Should power teams rethink their ros­ters?

One-and-dones need sup­port cast

USA TODAY US Edition - - FRONT PAGE - Dan Wolken Colum­nist USA TO­DAY

Dan Wolken: Full of fu­ture draft picks, Duke, Ken­tucky fall short of Fi­nal Four

The ab­so­lute best ver­sion of Duke’s lot­tery pick-laden team re­vealed it­self on the open­ing night of the sea­son and spent the next 37 games try­ing un­suc­cess­fully to reach the same level. Over an eight­day stretch in mid-Fe­bru­ary, Ken­tucky was prob­a­bly the best team in col­lege men’s bas­ket­ball, tak­ing down then No. 1 Ten­nessee by 17 points and beat­ing Auburn by 27, rais­ing hopes for a Fi­nal Four ap­pear­ance that never came.

Within hours of each other on Sun­day, two of the sport’s iconic pro­grams and the top pur­vey­ors of build­ing teams around the high­est-ranked re­cruits were knocked out of the NCAA tour­na­ment by teams with ex­pe­ri­enced guards and gen­er­ally more ma­ture ros­ters. As a consequenc­e, we now have a Fi­nal Four with matchups that sound more ap­pro­pri­ate for a Belk Bowl than a bas­ket­ball tour­na­ment: Michi­gan State vs. Texas Tech, Auburn vs. Vir­ginia.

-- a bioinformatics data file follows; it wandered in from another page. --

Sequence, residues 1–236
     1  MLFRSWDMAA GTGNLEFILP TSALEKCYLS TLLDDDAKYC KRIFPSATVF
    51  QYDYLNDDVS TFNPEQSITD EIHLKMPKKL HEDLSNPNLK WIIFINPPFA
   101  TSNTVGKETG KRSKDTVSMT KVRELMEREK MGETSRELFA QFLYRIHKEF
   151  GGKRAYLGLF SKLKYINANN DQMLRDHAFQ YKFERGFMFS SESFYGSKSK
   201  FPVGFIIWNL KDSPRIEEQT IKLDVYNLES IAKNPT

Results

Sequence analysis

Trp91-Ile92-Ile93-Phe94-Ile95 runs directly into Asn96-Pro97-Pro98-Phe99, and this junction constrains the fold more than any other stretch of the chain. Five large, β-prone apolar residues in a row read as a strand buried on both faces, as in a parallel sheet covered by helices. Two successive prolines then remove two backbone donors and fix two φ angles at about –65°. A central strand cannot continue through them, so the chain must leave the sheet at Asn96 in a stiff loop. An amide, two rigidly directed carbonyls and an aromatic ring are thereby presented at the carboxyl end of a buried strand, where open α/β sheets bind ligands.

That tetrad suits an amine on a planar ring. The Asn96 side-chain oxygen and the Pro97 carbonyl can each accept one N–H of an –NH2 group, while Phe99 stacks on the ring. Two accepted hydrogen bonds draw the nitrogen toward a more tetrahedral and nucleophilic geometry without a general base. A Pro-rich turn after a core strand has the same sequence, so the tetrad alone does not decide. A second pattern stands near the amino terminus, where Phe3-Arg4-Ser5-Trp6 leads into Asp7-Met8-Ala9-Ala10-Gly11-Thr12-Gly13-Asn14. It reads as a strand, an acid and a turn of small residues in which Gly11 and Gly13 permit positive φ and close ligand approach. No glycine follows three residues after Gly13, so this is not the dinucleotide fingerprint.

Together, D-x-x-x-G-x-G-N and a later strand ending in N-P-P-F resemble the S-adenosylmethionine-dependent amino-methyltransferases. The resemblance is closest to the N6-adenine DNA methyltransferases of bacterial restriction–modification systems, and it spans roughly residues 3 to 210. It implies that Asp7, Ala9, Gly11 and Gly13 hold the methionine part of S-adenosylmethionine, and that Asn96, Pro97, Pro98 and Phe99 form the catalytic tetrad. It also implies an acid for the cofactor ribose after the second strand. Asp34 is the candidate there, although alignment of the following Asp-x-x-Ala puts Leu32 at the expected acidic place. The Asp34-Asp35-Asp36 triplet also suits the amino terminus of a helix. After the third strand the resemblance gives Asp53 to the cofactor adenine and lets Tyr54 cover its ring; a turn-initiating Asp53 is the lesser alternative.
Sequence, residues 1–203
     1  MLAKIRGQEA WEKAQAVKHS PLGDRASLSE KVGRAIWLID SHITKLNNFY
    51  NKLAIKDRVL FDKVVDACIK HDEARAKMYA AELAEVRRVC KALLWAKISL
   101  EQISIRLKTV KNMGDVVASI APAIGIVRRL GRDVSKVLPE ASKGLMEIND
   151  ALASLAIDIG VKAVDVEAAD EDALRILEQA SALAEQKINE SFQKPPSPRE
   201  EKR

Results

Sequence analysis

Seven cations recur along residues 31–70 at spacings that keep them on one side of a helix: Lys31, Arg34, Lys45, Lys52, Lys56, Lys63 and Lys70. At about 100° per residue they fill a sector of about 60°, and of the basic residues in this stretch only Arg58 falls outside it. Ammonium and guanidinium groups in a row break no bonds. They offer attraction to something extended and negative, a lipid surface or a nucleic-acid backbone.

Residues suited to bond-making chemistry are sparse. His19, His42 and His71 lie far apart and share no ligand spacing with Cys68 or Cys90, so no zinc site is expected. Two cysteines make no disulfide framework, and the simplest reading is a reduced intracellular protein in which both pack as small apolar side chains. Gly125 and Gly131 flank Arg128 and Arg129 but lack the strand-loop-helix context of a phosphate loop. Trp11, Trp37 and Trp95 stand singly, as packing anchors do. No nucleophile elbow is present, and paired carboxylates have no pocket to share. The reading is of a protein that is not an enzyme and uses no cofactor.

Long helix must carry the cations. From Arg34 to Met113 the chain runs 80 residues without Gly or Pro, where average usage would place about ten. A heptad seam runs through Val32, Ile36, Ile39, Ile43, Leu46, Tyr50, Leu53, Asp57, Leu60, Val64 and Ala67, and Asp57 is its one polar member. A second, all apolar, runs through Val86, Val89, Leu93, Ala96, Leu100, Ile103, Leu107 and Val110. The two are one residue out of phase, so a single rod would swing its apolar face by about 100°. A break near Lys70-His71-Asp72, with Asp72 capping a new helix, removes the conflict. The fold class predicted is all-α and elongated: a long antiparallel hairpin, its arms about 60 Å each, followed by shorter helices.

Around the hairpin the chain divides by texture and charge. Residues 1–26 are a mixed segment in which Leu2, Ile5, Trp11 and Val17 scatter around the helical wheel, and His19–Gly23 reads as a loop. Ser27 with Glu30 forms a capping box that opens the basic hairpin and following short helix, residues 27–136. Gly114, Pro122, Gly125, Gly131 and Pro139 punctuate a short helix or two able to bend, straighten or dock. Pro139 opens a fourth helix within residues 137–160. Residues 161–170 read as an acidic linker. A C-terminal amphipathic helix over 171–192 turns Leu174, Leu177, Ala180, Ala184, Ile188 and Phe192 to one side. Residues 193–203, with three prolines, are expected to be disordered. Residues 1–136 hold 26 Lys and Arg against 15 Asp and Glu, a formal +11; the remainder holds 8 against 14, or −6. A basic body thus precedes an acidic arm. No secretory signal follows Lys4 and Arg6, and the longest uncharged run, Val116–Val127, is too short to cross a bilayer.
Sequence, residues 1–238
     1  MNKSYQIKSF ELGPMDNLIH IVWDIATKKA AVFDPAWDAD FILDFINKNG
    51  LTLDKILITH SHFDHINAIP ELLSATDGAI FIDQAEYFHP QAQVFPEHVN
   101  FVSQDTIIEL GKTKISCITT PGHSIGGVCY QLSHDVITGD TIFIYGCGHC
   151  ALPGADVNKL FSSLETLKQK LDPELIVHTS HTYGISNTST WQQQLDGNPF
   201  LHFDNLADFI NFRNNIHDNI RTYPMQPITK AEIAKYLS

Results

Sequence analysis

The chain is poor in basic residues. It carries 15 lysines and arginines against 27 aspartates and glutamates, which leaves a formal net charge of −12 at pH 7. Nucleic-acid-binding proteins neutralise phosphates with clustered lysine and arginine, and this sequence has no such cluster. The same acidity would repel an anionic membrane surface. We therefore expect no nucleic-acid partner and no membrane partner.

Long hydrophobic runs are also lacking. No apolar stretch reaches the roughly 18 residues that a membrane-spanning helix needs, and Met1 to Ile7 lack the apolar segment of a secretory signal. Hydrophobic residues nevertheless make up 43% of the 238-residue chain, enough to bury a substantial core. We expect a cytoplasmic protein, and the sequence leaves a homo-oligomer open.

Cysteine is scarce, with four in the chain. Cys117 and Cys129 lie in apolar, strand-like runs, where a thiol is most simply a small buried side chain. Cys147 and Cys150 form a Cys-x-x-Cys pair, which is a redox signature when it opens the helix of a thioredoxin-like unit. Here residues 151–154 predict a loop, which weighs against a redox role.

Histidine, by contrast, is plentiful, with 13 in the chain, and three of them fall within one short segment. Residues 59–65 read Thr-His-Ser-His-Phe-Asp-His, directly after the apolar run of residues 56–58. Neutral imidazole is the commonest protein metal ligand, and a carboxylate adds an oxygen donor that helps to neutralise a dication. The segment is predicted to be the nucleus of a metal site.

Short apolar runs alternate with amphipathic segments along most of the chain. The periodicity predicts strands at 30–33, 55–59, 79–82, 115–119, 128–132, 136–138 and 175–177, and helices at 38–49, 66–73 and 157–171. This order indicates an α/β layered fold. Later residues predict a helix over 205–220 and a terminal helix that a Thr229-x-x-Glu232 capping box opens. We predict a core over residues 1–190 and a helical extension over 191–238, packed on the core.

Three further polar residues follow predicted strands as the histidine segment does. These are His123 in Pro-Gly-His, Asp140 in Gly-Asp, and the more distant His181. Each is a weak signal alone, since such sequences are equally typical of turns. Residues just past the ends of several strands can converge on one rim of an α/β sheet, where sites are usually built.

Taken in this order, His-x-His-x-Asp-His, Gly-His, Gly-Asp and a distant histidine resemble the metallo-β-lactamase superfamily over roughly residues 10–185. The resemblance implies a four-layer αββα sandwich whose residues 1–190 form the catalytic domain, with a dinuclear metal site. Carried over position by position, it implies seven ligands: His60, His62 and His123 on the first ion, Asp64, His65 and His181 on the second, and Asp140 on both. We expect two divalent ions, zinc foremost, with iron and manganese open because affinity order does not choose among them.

While a non-tra­di­tional Fi­nal Four has its own kind of ap­peal, Sun­day’s out­come seemed to in­vite a larger con­ver­sa­tion about whether it’s more likely to go deep in col­lege bas­ket­ball’s post­sea­son tour­na­ment with older play­ers in­stead of younger ones.

Among the last six teams that have played in cham­pi­onship games since Duke’s 2015 ti­tle, the only so-called “one-and-done” player who saw the court was North Carolina’s Tony Bradley, who av­er­aged a mere 12 min­utes off the bench in that tour­na­ment.

Mean­while, Duke and Ken­tucky have missed the Fi­nal Four now for four con­sec­u­tive years with fresh­man-heavy teams, and the last three No. 1 over­all NBA draft picks won a com­bined zero NCAA tour­na­ment games.

The trend is now too ob­vi­ous to ignore.

“I thought they played older than we did,” Duke’s Mike Krzyzewski said Sun­day af­ter los­ing to the Spar­tans. “But that’s hap­pened to us — we are young.”

But to boil this down just to age seems overly sim­plis­tic, es­pe­cially when teams have won cham­pi­onships with a fresh­man as their best player in 2003 (Syra­cuse), 2012 (Ken­tucky) and 2015 (Duke) and reached the fi­nal game in 2008 (Mem­phis) and 2014 (Ken­tucky). Had Duke or Ken­tucky made just one more bas­ket this year, they could have very well joined that list.